I hear time and time again of readers having to give up their chickens because they didn't check the regulations and a neighbor filed a complaint. Sometimes they are successful in getting the laws changed, sometimes they aren't, but either way they end up losing the chickens their entire family has become so attached to.

Even if they are allowed to start over again, they are having to start over. Save yourself the heartache and check first.

Just because WE believe everyone has the Constitutional right to raise chickens (that whole 'pursuit of happiness thing'), doesn't mean that everyone does. So check first.

Raising a backyard flock should be a joyous experience, and by keeping these five common mistakes in mind, hopefully you can avoid the most common pitfalls from chick to collecting your first eggs...and beyond!

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  1. I did 3 months of research before we ever got chicks. Backyardchickens.com was a huge resource for me. Our coop evolved, mostly to make it easier to clean. We never lost any chicks. Sadly some people rush out to get something cute and don't bother to do the research. Like how many cubic feet of air per birds do your chickens need in a coop? Lots of things to know....

    1. Agreed. I am amazed how many raise all types of animals without doing some research using reputable sources ie, books written by experts, trade magazines etc.

  2. Our daughter did build a coop for her 10 birds that she bought for me! Then I bought 10 more so my hubby had room to build an addition. #2 and #3 were my learnings. It was a good thing I has some betadine, not organic, but did the trick, dressings and tape. Now I will buy those needed supplies. Thank you for all your help and for that video on Bubblefoot. Couldn't have done it without you!!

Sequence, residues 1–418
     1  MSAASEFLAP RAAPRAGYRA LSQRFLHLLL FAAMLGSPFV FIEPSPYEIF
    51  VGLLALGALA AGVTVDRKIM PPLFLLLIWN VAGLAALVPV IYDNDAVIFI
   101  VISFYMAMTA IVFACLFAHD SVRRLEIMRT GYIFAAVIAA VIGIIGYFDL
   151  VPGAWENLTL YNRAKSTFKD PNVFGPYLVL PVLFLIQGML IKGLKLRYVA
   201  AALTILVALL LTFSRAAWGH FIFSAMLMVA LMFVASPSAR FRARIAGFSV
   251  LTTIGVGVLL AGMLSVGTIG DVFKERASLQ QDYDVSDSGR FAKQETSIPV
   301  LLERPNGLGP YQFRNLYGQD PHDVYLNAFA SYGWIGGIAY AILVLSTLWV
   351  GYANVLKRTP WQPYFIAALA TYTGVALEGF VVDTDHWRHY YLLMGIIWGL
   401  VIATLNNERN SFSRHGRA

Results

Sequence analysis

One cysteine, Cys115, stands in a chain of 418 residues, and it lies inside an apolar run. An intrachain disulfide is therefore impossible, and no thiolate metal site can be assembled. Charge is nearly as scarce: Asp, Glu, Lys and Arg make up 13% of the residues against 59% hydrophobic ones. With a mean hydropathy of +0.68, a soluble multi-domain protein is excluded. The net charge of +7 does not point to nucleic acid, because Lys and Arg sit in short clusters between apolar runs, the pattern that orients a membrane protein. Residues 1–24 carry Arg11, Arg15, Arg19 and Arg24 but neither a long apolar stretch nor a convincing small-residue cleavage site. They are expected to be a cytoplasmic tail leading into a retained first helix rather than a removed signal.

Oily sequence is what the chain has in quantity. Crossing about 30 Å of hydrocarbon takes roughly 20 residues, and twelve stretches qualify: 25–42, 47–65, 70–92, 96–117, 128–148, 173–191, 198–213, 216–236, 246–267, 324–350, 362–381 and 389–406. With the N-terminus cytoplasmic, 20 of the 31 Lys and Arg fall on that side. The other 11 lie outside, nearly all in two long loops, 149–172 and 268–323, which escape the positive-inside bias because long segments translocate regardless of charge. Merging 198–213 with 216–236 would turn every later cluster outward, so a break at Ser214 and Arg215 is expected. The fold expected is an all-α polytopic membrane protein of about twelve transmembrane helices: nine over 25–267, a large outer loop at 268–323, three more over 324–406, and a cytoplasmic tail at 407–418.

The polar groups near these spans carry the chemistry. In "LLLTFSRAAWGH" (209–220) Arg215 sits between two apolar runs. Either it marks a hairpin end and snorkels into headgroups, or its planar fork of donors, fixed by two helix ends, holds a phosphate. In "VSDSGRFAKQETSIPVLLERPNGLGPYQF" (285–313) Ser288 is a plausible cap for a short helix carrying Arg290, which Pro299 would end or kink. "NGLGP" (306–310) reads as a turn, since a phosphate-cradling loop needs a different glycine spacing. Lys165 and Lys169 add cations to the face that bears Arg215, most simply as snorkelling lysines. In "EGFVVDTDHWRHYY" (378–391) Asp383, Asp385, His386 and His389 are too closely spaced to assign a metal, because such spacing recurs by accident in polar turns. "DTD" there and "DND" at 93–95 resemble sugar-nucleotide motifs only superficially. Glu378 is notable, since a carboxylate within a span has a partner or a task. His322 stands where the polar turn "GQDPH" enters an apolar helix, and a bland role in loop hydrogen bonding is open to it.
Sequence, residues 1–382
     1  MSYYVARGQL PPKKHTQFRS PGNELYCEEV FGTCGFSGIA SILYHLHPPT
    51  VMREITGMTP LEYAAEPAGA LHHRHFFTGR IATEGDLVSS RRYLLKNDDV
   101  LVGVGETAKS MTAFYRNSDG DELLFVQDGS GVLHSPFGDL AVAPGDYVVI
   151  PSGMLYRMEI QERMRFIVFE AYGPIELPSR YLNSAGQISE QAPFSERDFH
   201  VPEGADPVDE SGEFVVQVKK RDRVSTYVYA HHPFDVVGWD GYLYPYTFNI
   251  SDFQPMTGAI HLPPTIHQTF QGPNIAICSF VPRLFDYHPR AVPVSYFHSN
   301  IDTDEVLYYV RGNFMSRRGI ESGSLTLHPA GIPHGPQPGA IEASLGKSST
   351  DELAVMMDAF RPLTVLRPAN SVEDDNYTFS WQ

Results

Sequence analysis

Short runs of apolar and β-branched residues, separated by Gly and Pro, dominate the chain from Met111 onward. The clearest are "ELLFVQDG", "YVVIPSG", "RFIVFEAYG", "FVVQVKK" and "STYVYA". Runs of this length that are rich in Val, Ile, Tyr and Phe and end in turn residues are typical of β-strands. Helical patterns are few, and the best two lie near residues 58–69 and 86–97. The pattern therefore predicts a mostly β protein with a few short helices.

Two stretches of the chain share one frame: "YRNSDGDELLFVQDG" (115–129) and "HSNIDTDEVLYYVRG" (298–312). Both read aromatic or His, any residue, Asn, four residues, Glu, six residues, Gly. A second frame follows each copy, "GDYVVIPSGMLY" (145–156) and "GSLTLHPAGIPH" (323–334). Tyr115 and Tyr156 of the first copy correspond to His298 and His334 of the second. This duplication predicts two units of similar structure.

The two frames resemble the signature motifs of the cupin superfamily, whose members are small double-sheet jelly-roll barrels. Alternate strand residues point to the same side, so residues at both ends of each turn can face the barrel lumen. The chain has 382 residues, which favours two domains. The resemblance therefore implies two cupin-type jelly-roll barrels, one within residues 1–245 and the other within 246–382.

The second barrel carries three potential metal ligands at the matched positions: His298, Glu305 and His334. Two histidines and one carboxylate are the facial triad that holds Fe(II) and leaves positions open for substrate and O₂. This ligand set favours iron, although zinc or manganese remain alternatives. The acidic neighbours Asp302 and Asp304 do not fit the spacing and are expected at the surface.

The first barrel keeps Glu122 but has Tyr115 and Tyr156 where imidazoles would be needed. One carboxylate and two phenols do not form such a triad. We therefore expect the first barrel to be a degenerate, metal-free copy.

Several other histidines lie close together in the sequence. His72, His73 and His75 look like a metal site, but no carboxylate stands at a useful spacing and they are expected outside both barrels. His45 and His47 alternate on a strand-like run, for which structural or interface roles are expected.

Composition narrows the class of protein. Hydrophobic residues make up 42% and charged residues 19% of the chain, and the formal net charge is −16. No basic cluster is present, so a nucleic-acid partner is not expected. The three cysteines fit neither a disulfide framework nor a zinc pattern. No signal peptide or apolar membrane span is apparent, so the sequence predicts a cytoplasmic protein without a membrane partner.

3. This is so true. We were actually guilty of #5. We ordered our chicks before checking the city ordinances, and come to find out, we couldn't have chickens. I tried to cancel the order, but we were too late and the chicks were coming. So we just tried to keep them quiet as best as we could! Haha. It was tough when they started laying and singing their egg songs. Eventually we knew the country was where we needed to be, so the girls just gave us the push we needed to move from the city out to the country. I'm so glad that we weren't able to cancel our order for chicks, because if we did who knows where we'd be right now!

    1. That's an awesome way to deal with not being allowed chickens! And I agree, it was all meant to be.

  4. Thank you for this article it is great for new folks. I am less than a year a chicken keeper, as I began this adventure I read everything I could find in my efforts to be a good protector of my flock. So far so good. I live on 60 acres full of critters that would love to eat my feathered friends, to date all have been happy healthy and the 2 oldest have started laying pretty (although small) tasty eggs. My 2 German Shepherds and 100 pound English black lab watch over them through hardware mesh. My barn kitten likes to make flying leaps at the mesh like spiderman (folks watch out for those cats). I have mesh buried a 1 1/2 feet all around the perimeter and across the top as a roof under tarp for rain and shade. Thanks to articles like yours things have been and are going great. Keep up the good word :)